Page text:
Items by Julianne Couch

Floyd Dominy, the colossus of dams, dies at 100
Floyd Dominy, the colossus of dams, dies at 100
An interview with the former Bureau of Reclamation commissioner, who built Glen Canyon dam
The names of things and why they matter
Westerners like knowing the names of local wildflowers, but Julianne Couch says it’s equally important to identify manmade objects in the landscape.
In Wyoming, caucusing gets personal
Julianne Couch was excited by Wyoming’s Democratic caucus, feeling that for once it really mattered.
The day the view died
Julianne Couch regrets that Laramie has now grown so much she can no longer recognize the familiar view she once loved to see as she drove into town.
Nothing out there can be a very good thing
Julianne Couch surveys the vastness of Wyoming’s Adobe Town badlands and hopes that oil and gas drilling does not invade its beautiful emptiness.
Nothing out there can be a very good thing
Julianne Couch surveys the vastness of Wyoming's Adobe Town badlands and hopes that oil and gas drilling does not invade its beautiful emptiness.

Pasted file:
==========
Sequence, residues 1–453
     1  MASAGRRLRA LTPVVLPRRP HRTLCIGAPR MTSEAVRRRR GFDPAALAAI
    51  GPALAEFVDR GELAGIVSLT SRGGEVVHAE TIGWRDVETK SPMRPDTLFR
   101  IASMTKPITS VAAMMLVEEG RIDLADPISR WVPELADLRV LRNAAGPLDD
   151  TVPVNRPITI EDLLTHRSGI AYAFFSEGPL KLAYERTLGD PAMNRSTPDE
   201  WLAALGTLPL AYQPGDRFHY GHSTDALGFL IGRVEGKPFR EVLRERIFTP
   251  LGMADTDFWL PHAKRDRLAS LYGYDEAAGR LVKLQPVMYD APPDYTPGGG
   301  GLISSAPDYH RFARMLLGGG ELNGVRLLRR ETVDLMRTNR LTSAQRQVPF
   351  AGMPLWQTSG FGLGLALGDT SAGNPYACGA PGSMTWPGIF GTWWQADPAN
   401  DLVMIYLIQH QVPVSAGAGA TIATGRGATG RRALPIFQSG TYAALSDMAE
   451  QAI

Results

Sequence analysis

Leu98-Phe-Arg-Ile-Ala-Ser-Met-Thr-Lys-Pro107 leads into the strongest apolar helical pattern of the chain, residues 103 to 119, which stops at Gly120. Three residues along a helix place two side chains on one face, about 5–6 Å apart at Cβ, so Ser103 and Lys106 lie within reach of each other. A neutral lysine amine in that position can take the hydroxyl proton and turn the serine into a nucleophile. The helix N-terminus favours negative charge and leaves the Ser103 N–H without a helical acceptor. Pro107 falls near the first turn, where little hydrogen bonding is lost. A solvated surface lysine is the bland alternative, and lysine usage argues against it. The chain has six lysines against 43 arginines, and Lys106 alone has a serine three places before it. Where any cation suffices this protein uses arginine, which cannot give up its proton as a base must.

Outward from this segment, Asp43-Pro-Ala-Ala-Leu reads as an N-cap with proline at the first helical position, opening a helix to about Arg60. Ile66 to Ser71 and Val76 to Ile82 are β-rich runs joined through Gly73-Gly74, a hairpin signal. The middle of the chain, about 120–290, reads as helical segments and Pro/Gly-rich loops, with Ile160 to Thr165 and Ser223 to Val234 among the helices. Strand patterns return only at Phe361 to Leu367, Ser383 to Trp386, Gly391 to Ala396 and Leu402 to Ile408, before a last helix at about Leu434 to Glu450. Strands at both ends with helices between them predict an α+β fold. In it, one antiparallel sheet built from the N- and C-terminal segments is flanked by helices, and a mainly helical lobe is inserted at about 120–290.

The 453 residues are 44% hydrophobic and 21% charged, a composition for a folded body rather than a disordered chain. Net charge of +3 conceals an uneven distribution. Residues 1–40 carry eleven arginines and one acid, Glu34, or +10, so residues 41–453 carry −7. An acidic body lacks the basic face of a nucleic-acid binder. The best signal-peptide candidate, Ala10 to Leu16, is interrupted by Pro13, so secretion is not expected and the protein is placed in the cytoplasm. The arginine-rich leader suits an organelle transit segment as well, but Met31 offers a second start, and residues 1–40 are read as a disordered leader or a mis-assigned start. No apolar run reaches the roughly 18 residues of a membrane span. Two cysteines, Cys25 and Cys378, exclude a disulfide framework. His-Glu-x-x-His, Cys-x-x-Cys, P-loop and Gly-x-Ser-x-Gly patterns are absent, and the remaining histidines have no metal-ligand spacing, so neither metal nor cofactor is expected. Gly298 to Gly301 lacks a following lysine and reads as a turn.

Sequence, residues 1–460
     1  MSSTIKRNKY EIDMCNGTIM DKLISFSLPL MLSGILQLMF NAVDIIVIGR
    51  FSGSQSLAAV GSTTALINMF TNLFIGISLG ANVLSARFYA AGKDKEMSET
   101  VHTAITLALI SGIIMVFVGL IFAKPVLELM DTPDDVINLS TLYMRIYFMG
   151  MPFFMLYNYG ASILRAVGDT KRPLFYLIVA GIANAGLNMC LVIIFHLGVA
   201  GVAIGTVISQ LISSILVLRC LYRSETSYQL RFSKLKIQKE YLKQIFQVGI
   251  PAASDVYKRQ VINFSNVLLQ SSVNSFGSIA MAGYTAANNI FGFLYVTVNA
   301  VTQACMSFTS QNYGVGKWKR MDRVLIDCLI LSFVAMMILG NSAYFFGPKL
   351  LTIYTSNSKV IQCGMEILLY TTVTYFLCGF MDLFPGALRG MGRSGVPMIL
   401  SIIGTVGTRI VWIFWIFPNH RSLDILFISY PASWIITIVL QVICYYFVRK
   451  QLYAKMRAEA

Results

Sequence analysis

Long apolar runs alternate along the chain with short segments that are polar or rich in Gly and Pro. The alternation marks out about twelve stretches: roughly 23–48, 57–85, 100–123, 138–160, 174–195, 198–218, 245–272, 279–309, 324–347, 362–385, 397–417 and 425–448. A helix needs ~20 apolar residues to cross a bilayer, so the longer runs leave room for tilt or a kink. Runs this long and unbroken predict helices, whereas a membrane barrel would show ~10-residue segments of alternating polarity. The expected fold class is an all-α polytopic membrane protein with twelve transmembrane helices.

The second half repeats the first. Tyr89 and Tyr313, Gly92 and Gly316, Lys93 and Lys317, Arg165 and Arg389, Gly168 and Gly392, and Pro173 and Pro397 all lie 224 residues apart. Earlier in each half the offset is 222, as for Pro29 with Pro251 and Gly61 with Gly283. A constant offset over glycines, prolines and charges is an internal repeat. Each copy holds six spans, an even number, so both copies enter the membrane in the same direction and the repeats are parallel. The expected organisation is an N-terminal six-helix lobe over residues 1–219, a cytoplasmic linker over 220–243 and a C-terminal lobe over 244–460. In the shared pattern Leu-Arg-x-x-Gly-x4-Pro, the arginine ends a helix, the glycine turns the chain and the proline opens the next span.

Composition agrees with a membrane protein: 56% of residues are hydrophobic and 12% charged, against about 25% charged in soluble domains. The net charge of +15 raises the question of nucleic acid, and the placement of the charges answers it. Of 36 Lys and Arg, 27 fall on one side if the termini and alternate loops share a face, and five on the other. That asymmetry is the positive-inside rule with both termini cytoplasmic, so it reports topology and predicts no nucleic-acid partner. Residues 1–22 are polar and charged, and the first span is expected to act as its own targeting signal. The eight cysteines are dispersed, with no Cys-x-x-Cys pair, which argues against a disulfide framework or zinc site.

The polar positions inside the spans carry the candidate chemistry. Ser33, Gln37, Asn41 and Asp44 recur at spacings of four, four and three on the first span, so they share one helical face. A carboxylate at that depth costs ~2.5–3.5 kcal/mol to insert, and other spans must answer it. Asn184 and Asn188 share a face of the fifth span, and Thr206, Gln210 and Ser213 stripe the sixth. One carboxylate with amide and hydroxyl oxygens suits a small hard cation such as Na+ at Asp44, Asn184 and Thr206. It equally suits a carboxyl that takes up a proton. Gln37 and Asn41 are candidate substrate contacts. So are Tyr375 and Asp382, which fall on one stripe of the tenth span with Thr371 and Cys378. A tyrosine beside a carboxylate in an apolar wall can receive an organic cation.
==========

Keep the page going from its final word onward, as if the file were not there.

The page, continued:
Ducks on the walls
Julianne Couch would rather have real antlers on the walls than a silkscreened trout adorning a sweatshirt.
Flying with Cowgirls all over Wyoming
Julianne Couch says the University of Wyoming women’s basketball team had the whole state cheering as they became national champions.
Notes from a place of risk and hope
In Big Wonderful: Notes from Wyoming, Kevin Holdsworth describes his love for a harsh landscape in essays, poetry and fiction.
We bought an SUV, and we're proud of it
The writer buys an SUV because it does the job she needs it to do. So there.
Our lungs, ourselves: Smoking in Wyoming bars
The writer doesn't want a smoking ban affecting the homey bars that dot rural and remote Wyoming
Waypoints of the heart
The writer loves geocache hunts — and wishes everything in life were that simple
Waypoints of the heart
The new hobby of geocaching gives the author and her husband an excuse to explore Wyoming with a GPS while seeking to decode small human mysteries